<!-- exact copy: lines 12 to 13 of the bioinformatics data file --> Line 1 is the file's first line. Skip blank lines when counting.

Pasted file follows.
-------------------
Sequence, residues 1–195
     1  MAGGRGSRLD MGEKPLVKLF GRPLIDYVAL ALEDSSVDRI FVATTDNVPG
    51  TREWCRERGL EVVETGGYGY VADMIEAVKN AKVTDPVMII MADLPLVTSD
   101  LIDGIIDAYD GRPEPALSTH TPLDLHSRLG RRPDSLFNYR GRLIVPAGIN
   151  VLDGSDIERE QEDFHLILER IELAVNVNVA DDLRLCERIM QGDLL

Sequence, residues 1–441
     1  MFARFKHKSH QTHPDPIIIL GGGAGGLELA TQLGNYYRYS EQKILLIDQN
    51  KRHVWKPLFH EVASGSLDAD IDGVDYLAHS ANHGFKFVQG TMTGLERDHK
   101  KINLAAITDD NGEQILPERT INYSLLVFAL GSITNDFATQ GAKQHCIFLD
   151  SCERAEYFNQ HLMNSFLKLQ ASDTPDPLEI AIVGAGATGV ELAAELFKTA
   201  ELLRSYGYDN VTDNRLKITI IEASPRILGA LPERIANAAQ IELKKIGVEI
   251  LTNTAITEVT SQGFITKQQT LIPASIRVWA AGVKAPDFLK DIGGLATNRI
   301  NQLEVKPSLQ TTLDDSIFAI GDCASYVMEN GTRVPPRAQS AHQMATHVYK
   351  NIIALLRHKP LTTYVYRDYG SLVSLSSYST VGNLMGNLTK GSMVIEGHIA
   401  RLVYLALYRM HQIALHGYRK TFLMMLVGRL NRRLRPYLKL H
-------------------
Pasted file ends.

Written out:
   251  LTNTAITEVT SQGFITKQQT LIPASIRVWA AGVKAPDFLK DIGGLATNRI
   301  NQLEVKPSLQ TTLDDSIFAI GDCASYVMEN GTRVPPRAQS AHQMATHVYK